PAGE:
August 18, 2010 at 11:38 pm #168115Trace OneParticipant
this is a pretty intersting piece on transporation planning, if you care about that..August 19, 2010 at 5:38 am #168120Roland BeinertParticipant
I’m currently living in the tiny town of Moscow, ID. To the south is Lewiston, ID near Hell’s Canyon and the Snake River. To the north is Lake Coeur d’Lene. I think it would be nice to hop on a train with my folding bike, get off in Coeur d’lene or Lewiston and ride around on the trails. Sure I can do this in my car, but then I have to pay for gas, find a parking spot, worry about the jerk who’s tail-gating me. Am I really the only person in the US, other than some planners, according to the article, who would be willing to take a train?
Maybe I should move to Europe. At least there I’d have the choice to ride rail when I wanted.August 19, 2010 at 12:27 pm #168119Jason T. RadiceParticipant
The major issue with rail is the cost. Look at slAmtrak. It loses VAST quantities of taxpayer money due to insane overhead costs, which include labor and equipment maintenance. Most routes are subsidized, as they cannot make money whatsoever. Even in very dense urban areas, the metro rail or subway systems also bleed money. Private enterprise used to run passenger lines, they went away because they couldn’t make any money. The expansion to the Dulles Airport in DC will cost BILLIONS, and will never recoup its expense. More money the taxpayer has to spend! Why is it I can catch a bus to NYC for $30 round trip when slAmtrak is $70 one way? And the bus doesn’t stop along the way! I bet if people actually paid the actual cost for their ticket, passenger rail would be almost nonexistent, and subways systems would not be nearly as large.This could have an advantage, as the neighborhoods closer to the transit in the inner cities might actually improve. The environmental aspects are even in doubt, as many trains run nearly empty, negating the efficiency. A study was done recently in England with that conclusion,
While I am a frequent subway rider, and I like passenger rail, it doesn’t make any economic sense outside of very dense urban areas, and even then, it should be scrutnized heavily.. (BTW, if the tax money you spend on gas was used for the roads, as it is supposed to be, they would be paved with gold. The government sqaunders the money for whatever it wants ad leaves out infrastructure to rot!)August 19, 2010 at 2:54 pm #168118Trace OneParticipant
Disagree, Jason, no surprise – I think we often disagree. Roads, gasoline, suburb construction (driving oriented ) have been heavily subsidized for decades – Amtrak gets nothing, pratically in comparison..If you read the comments on this article, a couple of the posters laid out the subsidization inequality pretty well..I l ove Amtrak, take it all the time – and it costs me 100$ roundtrip to go from Fresno to San Diego, whereas Greyhound, to get me from Fresno to Gilroy (two hours away as opposed to eight hours!) costs $70 dollars round trip !!! A tax on the poor, because that is who takes Greyhound!!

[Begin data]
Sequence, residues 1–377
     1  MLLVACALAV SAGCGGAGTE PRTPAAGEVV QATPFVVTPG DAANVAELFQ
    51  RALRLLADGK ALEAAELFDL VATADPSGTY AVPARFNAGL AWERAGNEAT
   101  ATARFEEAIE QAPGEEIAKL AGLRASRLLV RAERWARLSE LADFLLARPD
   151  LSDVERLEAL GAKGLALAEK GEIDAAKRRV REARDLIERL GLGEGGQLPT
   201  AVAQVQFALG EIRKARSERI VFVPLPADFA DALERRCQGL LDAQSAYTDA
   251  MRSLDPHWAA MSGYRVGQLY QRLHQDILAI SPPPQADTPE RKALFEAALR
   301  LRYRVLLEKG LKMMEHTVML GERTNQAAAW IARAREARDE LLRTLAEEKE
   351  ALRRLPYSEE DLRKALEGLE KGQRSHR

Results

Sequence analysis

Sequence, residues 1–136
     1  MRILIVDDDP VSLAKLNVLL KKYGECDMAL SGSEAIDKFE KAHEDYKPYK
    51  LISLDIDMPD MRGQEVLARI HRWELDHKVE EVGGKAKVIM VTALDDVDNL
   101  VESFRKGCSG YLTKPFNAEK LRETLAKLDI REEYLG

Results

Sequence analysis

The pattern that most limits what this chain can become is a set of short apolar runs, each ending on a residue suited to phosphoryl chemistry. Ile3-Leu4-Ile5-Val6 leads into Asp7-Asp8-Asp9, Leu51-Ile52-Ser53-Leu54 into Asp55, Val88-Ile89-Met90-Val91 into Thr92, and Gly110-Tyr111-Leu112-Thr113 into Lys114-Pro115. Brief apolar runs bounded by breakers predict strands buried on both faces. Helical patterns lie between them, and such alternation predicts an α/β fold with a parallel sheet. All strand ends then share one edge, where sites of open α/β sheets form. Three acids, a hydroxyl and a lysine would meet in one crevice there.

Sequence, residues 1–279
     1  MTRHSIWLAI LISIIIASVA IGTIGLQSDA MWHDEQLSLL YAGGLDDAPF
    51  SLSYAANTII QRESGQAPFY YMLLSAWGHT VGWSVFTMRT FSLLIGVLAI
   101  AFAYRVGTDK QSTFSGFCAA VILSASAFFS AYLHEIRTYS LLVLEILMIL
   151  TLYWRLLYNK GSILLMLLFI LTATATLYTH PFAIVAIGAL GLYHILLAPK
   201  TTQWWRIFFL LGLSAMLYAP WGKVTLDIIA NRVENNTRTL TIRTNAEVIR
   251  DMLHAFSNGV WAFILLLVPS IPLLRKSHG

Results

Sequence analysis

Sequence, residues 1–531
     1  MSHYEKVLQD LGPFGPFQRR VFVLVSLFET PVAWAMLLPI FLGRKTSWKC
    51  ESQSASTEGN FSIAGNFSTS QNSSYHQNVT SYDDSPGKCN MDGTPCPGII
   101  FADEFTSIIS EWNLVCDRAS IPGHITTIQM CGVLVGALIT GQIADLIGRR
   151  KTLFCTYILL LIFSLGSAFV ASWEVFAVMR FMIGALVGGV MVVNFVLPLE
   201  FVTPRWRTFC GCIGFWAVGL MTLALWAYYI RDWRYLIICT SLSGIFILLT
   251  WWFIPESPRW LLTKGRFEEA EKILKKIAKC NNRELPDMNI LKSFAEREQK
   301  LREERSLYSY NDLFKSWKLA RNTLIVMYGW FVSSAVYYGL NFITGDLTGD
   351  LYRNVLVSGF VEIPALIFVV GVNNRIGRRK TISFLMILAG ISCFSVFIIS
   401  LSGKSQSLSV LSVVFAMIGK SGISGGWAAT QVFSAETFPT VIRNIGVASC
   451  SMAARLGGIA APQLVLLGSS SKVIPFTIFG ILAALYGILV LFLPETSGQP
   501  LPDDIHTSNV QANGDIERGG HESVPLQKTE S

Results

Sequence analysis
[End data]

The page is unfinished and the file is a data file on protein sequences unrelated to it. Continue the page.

So I am your typical pro-public transport liberal planner/LA type..We have not made ANY headway against the forces of road building pretty much ever in america ….Europes high-speed rail is all done..We are still stalling, quibbling..It will never happen..State and Federal Highway Dept. have the same goal as ever – move more cars faster, and as far as they are concerned, in fifty years they will still be moving more cars faster..
that’s my 2cAugust 19, 2010 at 5:11 pm #168117BoilerplaterParticipant
We are still stalling, quibbling..It will never happen..State and Federal Highway Dept. have the same goal as ever – move more cars faster, and as far as they are concerned, in fifty years they will still be moving more cars faster..
That’s one of the things that caused me to experience cognitive dissonance about my job with a state DOT.
I can’t argue with O’Toole’s math, but the economies of some countries (specifically Germany & China) that have or are building HSR are doing a LOT better than ours. Maybe its unrelated, or maybe they realize something that the majority of the American public has yet to realize. Peak Oil anyone?August 19, 2010 at 6:51 pm #168116Chris WhitisParticipant
But the same can be said about highways. They don’t recoup their costs and ‘bleed money’ as well. Why the double standard? If people had to start paying the true cost of highways, they might be much less extensive as well (tolling, raise gas taxes). I have my doubts that the roads would be paved with gold. TxDOT recently did a study that showed their best performing roads in terms of gas tax returns recouped about 60% of cost. That was best case! You can also get into the issue that local road users are subsidizing highway users as local roads don’t see gas tax revenue, yet it’s burned there as well.
We need to be looking at multi-modal forms of transportation if we’re going to relieve congestion. Many transit systems suck because they aren’t comprehensive or linked efficiently with other modes of travel or have zoning in place that would encourage appropriate development along corridors. There’s also too much emphasis on commuter rail/ LRT and feel streetcar systems providing transit in actual urban areas can be very beneficial for urban mobility, current transit planners only seem to focus on how to push transit to ease congestion in auto-centric areas when those areas have chosen the car and all that goes with it.
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